The story went that there was an unfortunate and mysterious illness plaguing the man. The lord’s gardener had found him one morning lying in the squash-bed, feverish and talking incoherently; his rich clothing torn and muddied. Lord Martin’s some-odd great grandfather had then sent for his healer, a Master Anin, who then proceeded to heal the stranger. Anyway, in the end the man had turned out to be some special Scholar of Manna. He’d offered the crystal urn with its flying ship as a gift of thanks to the then-Lord of Ganolly. Artfully made through the use of manna, it was a kingly gift indeed!

It required a great deal of Manna, time, and expertise to make objects of magick; which meant that it was rarely done. Now, sadly, the lovely urn sat mostly forgotten beneath an unhealthy blanket of dust.

Above all else, Leaf loved to hear stories about the famous airships of Narndenae. Fondly she caressed the urn as she wiped it clean, all the while gazing wistfully at the magnificent airship floating effortlessly inside. She wasn’t really sure she believed those stories. After all, she had never seen an airship. Nora and Maron both claimed to have ridden one, once; long ago before coming to Ganolly Castle. They had both sounded matter-of-fact enough that she half-believed they were telling the truth. Either way, it was her dream to someday travel in an airship. She hadn’t found any books about airships in Ganolly’s Library yet, but that didn’t mean one didn’t exist. Leaf had yet to discover even a hundredth of the books the library held. It was enormous, after all. She was determined to find one, though. Someday.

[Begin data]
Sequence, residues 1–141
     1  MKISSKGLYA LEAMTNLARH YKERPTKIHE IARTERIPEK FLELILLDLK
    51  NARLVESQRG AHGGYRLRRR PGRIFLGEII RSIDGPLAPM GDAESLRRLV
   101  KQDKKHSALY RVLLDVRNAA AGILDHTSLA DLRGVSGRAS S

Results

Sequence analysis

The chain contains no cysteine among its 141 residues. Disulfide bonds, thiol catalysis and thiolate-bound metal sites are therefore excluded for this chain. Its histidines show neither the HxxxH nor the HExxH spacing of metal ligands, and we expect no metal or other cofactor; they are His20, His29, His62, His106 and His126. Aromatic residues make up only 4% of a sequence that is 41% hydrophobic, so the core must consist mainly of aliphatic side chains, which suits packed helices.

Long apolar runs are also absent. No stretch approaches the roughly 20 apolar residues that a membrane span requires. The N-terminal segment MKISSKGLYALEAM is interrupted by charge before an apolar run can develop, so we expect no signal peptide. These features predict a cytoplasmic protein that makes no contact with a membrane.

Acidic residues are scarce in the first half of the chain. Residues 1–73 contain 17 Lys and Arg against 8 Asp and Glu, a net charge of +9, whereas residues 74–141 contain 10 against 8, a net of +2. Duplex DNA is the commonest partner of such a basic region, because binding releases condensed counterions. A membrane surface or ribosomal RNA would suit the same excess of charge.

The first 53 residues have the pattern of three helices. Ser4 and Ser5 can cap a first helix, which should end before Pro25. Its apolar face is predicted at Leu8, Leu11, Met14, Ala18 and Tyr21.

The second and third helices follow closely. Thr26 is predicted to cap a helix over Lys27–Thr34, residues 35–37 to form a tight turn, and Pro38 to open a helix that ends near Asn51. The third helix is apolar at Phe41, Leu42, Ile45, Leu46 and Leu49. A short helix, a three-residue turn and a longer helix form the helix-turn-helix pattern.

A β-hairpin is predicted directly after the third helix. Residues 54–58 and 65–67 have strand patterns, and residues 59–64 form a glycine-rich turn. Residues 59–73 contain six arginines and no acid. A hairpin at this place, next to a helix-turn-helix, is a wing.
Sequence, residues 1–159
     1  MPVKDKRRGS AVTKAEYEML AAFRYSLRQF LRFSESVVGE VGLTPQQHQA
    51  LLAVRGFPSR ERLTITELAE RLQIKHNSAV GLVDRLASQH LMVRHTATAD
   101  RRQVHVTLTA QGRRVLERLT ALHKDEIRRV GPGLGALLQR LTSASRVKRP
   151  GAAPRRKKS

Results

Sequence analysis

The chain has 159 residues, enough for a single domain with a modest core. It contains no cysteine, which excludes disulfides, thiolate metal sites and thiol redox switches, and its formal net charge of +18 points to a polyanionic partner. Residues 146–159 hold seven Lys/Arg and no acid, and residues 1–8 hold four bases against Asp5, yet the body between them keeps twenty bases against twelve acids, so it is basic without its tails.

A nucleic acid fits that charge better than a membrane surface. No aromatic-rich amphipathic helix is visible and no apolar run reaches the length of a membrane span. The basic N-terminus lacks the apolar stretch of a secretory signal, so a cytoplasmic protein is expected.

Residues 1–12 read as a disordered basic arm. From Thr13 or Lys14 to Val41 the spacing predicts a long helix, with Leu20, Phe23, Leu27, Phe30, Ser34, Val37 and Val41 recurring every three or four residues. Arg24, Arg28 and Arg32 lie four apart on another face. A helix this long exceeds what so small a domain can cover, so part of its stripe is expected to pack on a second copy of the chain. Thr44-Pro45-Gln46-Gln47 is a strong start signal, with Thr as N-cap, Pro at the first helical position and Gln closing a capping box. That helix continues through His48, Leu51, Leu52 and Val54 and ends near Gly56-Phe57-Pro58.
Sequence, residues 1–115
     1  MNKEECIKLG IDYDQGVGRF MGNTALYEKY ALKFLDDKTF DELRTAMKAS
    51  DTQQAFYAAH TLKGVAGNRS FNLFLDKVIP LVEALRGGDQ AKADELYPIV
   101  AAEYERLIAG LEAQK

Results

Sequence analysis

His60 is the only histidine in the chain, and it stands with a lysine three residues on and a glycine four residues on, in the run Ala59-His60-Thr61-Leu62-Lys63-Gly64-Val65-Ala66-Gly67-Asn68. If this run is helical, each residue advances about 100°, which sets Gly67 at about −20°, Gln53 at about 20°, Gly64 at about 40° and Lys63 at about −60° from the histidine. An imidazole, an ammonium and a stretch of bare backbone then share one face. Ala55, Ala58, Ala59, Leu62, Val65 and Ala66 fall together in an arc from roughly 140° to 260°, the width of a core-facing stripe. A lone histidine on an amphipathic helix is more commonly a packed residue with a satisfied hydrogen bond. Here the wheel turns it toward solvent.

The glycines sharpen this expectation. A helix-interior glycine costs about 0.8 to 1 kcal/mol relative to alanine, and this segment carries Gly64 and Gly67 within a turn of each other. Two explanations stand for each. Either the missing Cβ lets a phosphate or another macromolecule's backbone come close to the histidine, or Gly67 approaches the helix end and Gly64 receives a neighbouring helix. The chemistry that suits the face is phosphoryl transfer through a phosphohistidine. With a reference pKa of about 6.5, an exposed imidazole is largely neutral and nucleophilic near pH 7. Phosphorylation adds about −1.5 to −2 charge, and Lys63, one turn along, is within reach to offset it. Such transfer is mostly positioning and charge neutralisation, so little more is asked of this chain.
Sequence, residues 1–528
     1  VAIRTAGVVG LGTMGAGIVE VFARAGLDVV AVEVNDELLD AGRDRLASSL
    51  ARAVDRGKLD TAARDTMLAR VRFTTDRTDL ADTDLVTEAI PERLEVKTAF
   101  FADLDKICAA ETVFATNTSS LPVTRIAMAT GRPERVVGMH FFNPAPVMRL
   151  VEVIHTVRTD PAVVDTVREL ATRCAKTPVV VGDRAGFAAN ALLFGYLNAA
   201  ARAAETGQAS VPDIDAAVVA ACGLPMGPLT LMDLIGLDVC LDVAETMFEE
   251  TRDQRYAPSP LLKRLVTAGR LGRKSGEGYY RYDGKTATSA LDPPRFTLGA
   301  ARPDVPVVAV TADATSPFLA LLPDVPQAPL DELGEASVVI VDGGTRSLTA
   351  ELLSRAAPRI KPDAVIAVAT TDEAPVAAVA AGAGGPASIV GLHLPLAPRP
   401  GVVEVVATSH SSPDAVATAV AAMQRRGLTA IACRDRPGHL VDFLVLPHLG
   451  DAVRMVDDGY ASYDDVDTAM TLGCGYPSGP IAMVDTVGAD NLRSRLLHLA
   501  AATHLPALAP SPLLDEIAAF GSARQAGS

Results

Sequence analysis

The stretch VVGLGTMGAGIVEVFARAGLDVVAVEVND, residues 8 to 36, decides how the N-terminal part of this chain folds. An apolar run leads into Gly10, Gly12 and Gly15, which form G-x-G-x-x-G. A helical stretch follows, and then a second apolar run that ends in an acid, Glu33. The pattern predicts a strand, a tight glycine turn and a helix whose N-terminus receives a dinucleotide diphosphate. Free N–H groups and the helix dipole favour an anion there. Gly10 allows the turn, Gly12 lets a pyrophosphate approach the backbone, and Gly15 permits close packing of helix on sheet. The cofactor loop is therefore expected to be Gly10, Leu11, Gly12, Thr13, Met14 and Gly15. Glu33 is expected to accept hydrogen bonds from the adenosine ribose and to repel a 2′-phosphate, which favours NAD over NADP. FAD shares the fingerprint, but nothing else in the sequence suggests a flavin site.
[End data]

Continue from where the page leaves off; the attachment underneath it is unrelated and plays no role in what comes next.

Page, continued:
Randomly picking one of the many leather encased tomes off the shelf so as to better dust beneath it, she glanced at the title. The words “Dawn Lorealyn de Floreyn” stared back at her in shining silver. Intrigued by the title, she observed the leather covers were dyed a mysterious midnight blue and felt soft and worn, though it was obviously well taken care-of. Something about the book pulled at her. She thought it looked promising. Unable to help herself, she eagerly flipped through its’ pages, face falling in disappointment.

While there were some intriguing pictures she could make neither head nor tails of, the words were written in some language she didn’t recognize.

Sighing regretfully, Leaf carefully replaced the book to its’ home and moved on. Karla would have her hide for a coat if she disturbed the proper order of her cherished books. She longed to ask Karla about books on airships, but the Keeper of Chronicles never seemed to be around when Leaf had free time to read. She was grateful, though, that the antiqued woman trusted Leaf with her books. Knowing Karla very well, she was always surprised when she allowed her so many freedoms in the fascinating library. Perhaps the bespectacled woman sensed a kindred spirit in the little redhead who loved her prized books so.

The sheer number of shelves full of books made it impossible to clean them all before supper, let alone lunch- which was all the time she had. But Maron would certainly know if she hadn’t made her best effort.

The sun had become noticeably brighter by the time Sarah came to fetch her, and the room considerably less dusty. She couldn’t say much for the air outside the tall window though. Hopefully no one had been walking below while she was beating out her dust cloths.

Sarah was one of the kitchen help and was a very sweet woman in her late twenties. It was common gossip in the castle that she was in love with the old shepherd’s son, Rylan. She had never married, and everyone knew she was waiting for that young man in particular to finally ask her hand.